Thursday, August 28, 2008

Random access memory

Random access memory (usually known by its acronym, RAM) is a type of computer data storage. Today it takes the form of integrated circuits that allow the stored data to be accessed in any order, i.e. at random. The word random thus refers to the fact that any piece of data can be returned in a constant time, regardless of its physical location and whether or not it is related to the previous piece of data.This contrasts with storage mechanisms such as tapes, magnetic discs and optical discs, which rely on the physical movement of the recording medium or a reading head. In these devices, the movement takes longer than the data transfer, and the retrieval time varies depending on the physical location of the next item.

An early type of widespread writable random access memory was the magnetic core memory, developed in 1949-1951, and subsequently used in most computers up until the development of the static and dynamic integrated RAM circuits in the late 1960s and early 1970s. Before this, computers used relays, delay lines or various kinds of vacuum tube arrangements to implement "main" memory functions (i.e. hundreds or thousands of bits), some of which were random access, some not. Latches built out of vacuum tube triodes, and later, out of discrete transistors, were used for smaller and faster memories such as registers and (random access) register banks. Prior to the development of integrated ROM circuits, permanent (or read-only) random access memory was often constructed using semiconductor diode matrixes driven by address decoders.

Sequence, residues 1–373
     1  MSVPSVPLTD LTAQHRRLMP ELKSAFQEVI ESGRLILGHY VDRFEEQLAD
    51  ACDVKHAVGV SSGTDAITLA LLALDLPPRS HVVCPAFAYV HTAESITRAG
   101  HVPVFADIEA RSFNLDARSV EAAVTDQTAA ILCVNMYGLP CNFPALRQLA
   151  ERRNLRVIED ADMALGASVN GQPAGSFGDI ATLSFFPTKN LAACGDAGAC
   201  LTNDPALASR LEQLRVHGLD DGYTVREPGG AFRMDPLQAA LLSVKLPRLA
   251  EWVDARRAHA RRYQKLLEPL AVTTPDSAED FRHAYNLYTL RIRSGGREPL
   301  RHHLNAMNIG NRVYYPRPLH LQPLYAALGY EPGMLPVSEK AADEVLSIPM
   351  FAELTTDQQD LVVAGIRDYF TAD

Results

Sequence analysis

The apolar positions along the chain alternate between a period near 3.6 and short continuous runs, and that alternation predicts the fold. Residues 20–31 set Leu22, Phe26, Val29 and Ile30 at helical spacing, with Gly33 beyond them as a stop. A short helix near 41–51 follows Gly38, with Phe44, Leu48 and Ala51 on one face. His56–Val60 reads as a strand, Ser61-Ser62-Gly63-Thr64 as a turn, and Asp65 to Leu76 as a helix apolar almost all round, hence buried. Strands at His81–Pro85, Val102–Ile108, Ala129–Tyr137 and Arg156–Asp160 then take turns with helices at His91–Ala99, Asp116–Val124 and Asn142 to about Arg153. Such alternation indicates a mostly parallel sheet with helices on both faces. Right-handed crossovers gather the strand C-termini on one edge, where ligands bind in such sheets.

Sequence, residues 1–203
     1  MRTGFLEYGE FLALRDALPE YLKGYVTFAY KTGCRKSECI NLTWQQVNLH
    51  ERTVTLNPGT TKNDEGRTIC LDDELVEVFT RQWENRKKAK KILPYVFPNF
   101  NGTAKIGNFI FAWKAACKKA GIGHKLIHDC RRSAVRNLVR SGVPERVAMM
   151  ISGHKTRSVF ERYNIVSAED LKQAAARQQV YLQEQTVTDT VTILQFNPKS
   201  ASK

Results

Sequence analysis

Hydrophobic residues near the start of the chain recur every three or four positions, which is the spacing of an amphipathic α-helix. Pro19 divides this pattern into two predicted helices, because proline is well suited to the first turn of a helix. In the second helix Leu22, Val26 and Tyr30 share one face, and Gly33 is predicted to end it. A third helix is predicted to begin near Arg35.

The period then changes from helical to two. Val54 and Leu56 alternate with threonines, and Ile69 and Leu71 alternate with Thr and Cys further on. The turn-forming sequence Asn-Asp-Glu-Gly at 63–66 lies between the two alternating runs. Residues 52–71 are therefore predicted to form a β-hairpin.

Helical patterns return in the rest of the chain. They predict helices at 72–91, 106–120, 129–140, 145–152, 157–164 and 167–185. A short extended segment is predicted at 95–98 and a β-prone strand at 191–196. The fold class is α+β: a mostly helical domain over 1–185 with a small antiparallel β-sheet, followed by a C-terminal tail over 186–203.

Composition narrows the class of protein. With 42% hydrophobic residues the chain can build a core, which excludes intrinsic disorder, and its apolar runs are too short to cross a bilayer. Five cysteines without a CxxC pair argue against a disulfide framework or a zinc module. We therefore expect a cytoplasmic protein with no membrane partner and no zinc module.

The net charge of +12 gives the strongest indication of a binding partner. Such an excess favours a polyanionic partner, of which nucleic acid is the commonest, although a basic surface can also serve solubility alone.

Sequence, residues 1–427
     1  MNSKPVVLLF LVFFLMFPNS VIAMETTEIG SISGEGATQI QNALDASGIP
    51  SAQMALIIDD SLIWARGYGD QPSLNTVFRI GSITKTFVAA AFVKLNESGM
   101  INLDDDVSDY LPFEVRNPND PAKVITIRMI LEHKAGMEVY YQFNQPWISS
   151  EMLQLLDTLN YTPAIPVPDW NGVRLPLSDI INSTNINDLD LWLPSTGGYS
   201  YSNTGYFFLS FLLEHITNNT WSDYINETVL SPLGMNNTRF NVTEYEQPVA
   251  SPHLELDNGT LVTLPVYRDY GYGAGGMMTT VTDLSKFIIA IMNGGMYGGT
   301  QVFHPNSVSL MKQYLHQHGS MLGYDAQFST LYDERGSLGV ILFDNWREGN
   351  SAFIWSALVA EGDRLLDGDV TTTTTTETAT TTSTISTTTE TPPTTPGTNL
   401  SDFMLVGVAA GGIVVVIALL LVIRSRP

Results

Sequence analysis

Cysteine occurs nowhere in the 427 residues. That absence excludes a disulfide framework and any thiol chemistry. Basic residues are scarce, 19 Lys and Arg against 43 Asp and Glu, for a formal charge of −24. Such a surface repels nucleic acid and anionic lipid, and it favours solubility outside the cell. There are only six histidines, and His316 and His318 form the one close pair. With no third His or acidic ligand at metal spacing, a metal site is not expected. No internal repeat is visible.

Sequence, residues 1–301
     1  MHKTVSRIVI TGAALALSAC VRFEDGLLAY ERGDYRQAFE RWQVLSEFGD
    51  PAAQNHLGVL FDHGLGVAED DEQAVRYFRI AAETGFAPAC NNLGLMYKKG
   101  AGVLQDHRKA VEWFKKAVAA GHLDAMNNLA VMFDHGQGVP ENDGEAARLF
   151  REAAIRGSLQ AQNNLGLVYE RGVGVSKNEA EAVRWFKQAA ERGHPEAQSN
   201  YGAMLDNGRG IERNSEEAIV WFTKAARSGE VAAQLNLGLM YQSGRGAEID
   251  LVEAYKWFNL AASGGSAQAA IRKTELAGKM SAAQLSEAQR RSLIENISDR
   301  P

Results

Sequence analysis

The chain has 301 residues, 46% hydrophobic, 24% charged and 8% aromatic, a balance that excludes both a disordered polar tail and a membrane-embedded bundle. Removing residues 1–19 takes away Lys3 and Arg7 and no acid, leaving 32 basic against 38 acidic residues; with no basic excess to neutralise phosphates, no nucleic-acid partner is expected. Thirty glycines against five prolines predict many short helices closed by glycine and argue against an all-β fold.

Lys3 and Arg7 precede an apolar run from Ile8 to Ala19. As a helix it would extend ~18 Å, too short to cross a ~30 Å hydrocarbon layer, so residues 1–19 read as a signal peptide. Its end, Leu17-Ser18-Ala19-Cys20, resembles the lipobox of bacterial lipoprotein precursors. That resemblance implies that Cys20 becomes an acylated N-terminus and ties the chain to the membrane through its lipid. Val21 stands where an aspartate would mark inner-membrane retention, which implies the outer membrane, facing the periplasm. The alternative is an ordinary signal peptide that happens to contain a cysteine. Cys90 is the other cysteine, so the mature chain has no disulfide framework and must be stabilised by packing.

Types of RAM:
RAM generally store a bit of data in either the state of a flip-flop, as in SRAM (static RAM), or as a charge in a capacitor (or transistor gate), as in DRAM (dynamic RAM), EPROM, EEPROM and Flash. Some types have circuitry to detect and/or correct random faults called memory errors in the stored data, using parity bits or error correction codes. RAM of the read-only type, ROM, instead uses a metal mask to permanently enable/disable selected transistors, instead of storing a charge in them.

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